WASHINGTON -- What's the on-the-street buzz in the nation's capital? President Obama at Taylor Gourmet, the Philadelphia-inspired Italian-style hoagie shop with a handful of locations in and around the nation's capital.
Wednesday morning, there was unconfirmed chatter about an unusually high level of security at Taylor Gourmet's 14th Street NW location, near the bustling U Street corridor roughly 13 blocks north of the White House.
The White House later confirmed the visit, noting that the president wasn't paying a casual visit to the highly regarded sandwich spot.
According to the White House pool report, Karen Mills, the administrator of the Small Business Administration, joined the president for his visit, where they were joined by Taylor Gourmet co-owners Casey Patten and David Mazza, Yes! Organic Market President Kathy Rachels and Brian Smith, founding principal of Francis Lee Contracting.
From the pool report:
Casey [Patten] and David [Mazza] were approved for an SBA-backed loan that helped them purchase their third location on 14th Street NW in Washington, DC. They will open a fifth location this summer and plan to hire more than 25 new employees.
According to The Washington Post, the president said:
"My message to Congress . . .is let's go ahead and act to help build and sustain momentum for our economy," Obama told reporters before ordering his sandwiches. "There will be more than enough time for us to campaign and politic, but let’s not lose steam at a time when folks like these feel optimistic and ready to go."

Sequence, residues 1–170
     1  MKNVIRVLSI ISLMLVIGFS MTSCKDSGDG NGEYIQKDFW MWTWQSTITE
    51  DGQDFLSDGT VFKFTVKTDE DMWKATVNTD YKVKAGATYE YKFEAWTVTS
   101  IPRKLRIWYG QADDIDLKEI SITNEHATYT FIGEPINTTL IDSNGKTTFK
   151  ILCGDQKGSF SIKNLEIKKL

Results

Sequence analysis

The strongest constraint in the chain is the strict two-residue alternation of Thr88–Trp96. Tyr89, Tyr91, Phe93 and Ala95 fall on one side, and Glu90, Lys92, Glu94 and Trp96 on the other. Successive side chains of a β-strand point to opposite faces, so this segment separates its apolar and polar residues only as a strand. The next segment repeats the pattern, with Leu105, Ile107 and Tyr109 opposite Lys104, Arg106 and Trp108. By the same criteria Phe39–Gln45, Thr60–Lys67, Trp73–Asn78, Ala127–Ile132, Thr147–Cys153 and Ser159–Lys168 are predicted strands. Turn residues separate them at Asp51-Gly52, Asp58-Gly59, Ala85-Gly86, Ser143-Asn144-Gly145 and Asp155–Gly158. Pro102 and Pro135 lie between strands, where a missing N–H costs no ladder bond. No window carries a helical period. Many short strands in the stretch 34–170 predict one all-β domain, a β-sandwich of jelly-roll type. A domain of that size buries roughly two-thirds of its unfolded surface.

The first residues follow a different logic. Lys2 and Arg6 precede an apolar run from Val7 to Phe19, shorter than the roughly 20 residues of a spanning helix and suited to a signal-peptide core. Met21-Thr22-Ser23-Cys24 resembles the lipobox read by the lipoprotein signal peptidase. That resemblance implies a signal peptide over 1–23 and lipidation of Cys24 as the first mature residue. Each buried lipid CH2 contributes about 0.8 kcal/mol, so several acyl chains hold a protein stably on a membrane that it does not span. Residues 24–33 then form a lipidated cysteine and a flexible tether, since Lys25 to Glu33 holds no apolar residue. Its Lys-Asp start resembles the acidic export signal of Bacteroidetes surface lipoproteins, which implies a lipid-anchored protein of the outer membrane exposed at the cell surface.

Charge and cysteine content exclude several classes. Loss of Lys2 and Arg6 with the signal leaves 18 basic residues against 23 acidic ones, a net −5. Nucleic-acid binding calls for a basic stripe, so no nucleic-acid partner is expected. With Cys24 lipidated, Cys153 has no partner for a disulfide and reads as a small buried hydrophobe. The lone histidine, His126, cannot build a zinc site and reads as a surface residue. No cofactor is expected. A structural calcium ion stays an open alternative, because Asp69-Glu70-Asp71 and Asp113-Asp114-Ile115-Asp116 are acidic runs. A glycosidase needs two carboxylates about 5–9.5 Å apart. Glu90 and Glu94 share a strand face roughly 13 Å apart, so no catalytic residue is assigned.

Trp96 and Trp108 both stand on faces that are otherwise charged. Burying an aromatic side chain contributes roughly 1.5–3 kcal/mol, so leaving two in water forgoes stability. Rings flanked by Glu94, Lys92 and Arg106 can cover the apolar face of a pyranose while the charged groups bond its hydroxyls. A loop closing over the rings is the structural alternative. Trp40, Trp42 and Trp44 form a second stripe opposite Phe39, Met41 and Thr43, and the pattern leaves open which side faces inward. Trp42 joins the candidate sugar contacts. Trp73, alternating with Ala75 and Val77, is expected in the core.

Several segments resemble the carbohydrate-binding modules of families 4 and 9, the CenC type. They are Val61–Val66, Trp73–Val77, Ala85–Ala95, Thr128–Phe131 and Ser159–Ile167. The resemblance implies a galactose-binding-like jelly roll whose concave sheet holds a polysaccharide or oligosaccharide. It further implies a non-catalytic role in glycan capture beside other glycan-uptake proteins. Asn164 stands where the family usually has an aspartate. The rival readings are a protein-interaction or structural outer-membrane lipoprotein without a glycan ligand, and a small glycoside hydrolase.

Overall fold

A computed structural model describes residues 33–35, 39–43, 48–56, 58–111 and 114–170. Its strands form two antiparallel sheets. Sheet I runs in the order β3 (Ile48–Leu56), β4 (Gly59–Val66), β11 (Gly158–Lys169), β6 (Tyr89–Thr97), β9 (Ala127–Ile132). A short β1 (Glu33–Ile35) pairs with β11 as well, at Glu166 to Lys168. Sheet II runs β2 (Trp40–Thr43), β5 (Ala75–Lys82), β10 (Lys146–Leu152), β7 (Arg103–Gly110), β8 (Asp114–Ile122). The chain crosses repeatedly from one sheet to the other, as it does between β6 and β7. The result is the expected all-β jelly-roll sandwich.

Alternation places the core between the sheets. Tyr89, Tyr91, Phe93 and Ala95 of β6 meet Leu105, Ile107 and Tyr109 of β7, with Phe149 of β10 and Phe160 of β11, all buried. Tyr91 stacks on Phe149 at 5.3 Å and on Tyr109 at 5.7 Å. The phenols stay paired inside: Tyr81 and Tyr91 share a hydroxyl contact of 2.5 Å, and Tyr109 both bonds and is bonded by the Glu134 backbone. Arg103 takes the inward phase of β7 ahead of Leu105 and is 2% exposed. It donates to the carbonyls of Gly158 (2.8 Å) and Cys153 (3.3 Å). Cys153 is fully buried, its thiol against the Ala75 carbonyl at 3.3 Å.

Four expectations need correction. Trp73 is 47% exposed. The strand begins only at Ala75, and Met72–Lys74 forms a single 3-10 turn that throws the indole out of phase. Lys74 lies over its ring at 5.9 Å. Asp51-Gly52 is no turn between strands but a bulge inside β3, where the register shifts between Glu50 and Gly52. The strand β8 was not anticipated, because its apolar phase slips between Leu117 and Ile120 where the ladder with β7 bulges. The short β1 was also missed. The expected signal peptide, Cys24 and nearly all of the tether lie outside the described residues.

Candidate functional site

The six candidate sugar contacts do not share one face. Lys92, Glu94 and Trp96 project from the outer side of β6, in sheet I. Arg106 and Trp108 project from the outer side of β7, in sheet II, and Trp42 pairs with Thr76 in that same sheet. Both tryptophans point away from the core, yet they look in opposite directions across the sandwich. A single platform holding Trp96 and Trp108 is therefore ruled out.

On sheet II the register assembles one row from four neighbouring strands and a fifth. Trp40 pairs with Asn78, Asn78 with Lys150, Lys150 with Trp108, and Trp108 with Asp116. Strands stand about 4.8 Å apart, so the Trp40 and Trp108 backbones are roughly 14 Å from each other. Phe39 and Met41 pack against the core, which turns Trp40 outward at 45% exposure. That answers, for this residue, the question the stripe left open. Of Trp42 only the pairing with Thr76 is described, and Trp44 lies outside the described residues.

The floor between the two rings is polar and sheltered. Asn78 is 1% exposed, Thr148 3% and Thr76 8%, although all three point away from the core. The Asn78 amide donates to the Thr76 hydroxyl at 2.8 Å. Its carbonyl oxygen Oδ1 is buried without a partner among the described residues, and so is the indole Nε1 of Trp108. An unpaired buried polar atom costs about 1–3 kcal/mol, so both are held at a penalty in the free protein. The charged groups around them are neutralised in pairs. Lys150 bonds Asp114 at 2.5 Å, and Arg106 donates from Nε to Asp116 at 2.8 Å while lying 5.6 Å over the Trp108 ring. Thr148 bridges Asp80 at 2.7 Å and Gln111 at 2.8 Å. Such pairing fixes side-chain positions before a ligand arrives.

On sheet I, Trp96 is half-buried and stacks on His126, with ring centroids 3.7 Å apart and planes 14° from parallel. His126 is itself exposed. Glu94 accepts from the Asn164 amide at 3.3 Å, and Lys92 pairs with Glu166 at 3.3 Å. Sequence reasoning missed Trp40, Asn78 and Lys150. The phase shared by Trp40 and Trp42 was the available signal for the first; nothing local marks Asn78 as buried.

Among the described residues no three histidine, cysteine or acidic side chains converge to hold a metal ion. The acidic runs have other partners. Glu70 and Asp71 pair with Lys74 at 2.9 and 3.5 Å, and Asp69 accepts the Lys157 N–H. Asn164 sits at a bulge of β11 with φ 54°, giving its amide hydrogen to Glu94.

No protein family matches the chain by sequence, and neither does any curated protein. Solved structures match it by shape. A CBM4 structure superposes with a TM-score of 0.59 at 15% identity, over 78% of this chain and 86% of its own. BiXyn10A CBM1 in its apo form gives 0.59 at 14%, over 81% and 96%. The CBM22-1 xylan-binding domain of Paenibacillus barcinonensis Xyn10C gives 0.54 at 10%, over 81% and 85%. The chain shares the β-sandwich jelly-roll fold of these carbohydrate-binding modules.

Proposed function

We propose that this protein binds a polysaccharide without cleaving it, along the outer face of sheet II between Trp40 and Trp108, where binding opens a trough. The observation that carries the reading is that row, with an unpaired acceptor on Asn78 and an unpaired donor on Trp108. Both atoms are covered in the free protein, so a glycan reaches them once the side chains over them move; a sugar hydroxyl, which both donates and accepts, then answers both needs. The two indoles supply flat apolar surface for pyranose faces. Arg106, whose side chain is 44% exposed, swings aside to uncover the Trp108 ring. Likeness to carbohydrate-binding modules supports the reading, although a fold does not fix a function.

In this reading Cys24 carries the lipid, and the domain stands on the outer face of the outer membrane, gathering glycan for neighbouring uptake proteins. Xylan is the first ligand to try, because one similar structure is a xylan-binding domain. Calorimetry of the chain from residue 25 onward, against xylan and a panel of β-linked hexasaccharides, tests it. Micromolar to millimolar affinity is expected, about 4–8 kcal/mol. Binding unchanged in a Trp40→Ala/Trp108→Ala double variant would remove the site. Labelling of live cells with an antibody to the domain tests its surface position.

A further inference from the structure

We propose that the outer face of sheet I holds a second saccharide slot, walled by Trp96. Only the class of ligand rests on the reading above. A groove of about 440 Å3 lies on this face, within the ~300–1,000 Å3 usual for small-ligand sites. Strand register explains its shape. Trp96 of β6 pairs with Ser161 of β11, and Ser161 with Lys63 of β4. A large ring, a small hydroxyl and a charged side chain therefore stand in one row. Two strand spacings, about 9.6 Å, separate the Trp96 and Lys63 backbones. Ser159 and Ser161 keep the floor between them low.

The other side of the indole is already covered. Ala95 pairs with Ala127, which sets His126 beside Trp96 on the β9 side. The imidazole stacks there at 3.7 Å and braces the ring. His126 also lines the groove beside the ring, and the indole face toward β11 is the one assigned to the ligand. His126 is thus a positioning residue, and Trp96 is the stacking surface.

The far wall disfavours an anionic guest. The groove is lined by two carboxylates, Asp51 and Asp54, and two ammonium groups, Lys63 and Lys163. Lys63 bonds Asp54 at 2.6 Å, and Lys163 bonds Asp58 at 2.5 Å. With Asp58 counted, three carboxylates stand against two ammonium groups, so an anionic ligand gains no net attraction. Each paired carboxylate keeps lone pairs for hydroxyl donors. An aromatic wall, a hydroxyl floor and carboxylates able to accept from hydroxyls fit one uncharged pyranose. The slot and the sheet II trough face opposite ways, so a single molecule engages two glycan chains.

The visit to Taylor Gourmet's 14th Street location puts another Obama-endorsed food spot in the U Street corridor on the presidential food map. (The president has previously visited famous Ben's Chili Bowl, a short walk away.)
Some fans of Taylor's original location on H Street NE were relieved.
According to DCist, the president ordered a "12-inch Spruce Street turkey hoagie, prepared with prosciutto, roasted red peppers and provolone."
Naturally, Obama's visit was viewed through a political lens, at least a light-hearted one.
DCist's Benjamin Freed reminded his followers about Taylor Gourmet's 2011 bread controversy, where Washington City Paper reported that Taylor Gourmet had ceased its daily shipments of Sarcone's rolls from Philadelphia without telling its customers who were actually eating locally sourced bread.
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